Academic journal article The Journal of Baha'i Studies

Achieving Reconciliation in a Conflicting World

Academic journal article The Journal of Baha'i Studies

Achieving Reconciliation in a Conflicting World

Article excerpt

As the nineteenth century approached its term, Nietzsche's madman was pondering the death of God, and coming face to face with the awesome puzzle of its aftermath: "Who gave us the sponge to wipe away the entire horizon? What did we do when we unchained this earth from its sun? Wither is it moving now? Wither are we moving now? Away from all suns? Are we not perpetually falling? Backward, sideward, forward, in all directions? Is there any up or down left?" (142).

His lone, demented voice had in fact vis ione d the shape of things to come: "For some time now we have realized it," Italo Calvino adverts,

[T]he storeroom of humanity's accumulated materials - mechanisms, machines, merchandises, markets, institutions, documents, poems, emblems, photograms, opera pietà, arts and trades, encyclopedias, cosmologies, grammars, topoi and figures of speech, ties of kinship, tribe and enterprise, myths and rituals, operational models - no way remains to keep them in order. ... all the parameters, the categories, the antitheses, that had served to imagine, classify, and project the world, are up for discussion. And not only those closest to historic attributions of values: the rational and the mythic, to work and to exist, masculine and feminine, and even the poles of more elementary topologies, like affirmation and negation, the tall and the short, the living and the thing.

It should not surprise that such conditions should have had a profoundly destabilizing effect not only on our societies but on our very notions of self, engendering what Appadurai describes as a "new order of instability in the production of modern subjectivities" (4). Bahá'u'lláh Himself had prefigured this development, declaring with the tongue of prophecy in richly symbolic language: "The heaven of every religion hath been rent, and the earth of human understanding been cleft asunder. . . . The mountains have passed away, and the heavens have been folded together. . . . Every woman that hath had a burden in her womb hath cast her burden. We see men drunken in this Day, the Day in which men and angels have been gathered together" (Gleanings 45).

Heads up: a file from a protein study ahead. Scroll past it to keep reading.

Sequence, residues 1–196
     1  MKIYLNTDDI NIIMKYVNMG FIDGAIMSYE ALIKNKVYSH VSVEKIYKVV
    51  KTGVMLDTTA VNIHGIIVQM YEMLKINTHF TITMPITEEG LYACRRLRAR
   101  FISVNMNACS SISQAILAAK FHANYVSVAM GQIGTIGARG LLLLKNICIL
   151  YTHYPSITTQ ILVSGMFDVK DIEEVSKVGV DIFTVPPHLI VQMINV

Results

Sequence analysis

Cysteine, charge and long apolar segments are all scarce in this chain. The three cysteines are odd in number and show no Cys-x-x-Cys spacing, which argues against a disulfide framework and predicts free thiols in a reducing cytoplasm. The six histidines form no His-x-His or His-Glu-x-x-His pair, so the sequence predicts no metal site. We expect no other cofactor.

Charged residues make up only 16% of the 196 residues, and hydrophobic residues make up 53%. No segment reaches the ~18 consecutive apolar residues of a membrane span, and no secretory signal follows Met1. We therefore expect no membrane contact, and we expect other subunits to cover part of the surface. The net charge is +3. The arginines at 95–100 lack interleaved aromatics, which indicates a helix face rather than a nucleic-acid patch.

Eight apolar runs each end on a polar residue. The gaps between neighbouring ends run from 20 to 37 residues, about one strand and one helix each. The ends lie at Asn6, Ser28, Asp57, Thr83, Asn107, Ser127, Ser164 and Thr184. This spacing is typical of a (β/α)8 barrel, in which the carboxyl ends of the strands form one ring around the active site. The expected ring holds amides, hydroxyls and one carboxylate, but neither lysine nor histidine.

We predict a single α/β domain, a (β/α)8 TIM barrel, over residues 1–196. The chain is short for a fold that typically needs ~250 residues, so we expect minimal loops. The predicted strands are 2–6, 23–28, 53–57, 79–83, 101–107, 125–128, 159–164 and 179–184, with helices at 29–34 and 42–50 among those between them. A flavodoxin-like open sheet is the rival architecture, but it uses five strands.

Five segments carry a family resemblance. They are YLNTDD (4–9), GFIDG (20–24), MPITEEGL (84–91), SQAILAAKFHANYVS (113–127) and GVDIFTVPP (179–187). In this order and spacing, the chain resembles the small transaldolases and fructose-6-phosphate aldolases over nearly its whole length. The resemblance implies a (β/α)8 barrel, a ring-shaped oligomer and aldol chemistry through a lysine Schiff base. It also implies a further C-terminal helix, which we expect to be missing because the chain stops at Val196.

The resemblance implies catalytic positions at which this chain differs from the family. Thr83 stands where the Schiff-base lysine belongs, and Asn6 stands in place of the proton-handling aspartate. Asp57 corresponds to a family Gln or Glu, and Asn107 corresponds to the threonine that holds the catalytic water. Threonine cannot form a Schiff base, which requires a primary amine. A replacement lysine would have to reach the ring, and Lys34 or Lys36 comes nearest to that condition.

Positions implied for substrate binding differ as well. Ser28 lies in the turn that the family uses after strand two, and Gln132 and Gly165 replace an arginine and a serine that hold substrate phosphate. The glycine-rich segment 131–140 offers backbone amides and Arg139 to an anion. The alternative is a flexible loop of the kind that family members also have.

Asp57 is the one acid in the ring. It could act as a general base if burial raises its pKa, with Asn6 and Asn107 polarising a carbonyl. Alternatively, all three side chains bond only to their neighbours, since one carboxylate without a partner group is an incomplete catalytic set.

On the one hand, such processes, such collapses, such implosions of seemingly reified schémas, disclose possibilities for more inclusive and harmonious interpretations of the grand narratives that ordered for centuries our sense of ourselves and of others, enabling unprecedented degrees of cross-cultural insight and participation in shared meaning. On the other hand, the selfsame speed and nature of these changes furnishes fresh incentives for cultural conflict, for entrenchment in ever-hardening identities to serve as barricades to hold the tide of cultural relativism, "where meanings, in a chaotic pattern rather than neatly ordered, are of necessity relativized to one another."1 This is perhaps nowhere more so than in the religious sphere, as the Universal House of Justice most recently highlighted, "The greater part of organized religion stands paralyzed at the threshold of the future, gripped in those very dogmas and claims of privileged access to truth that have been responsible for creating some of the most bitter conflicts dividing the earth's inhabitants. The consequences, in terms of human well-being, have been ruinous. It is surely unnecessary to cite in detail the horrors being visited upon hapless populations today by outbursts of fanaticism that shame the name of religion" ("Religious Leaders").

Faced with such politics of difference, grounded and legitimated in the religious sphere on the basis of conflicting claims and narratives that the attentive reader soon discovers within and between the sacred texts of the world's religions, it becomes clear that a full reappraisal of the doctrinal and philosophical underpinnings of interreligious conflict is a matter as challenging as it is urgent. "What cannot be morally justified," in the words of the Universal House of Justice, "is the manipulation of cultural legacies that were intended to enrich spiritual experience, as a means to arouse prejudice and alienation. …

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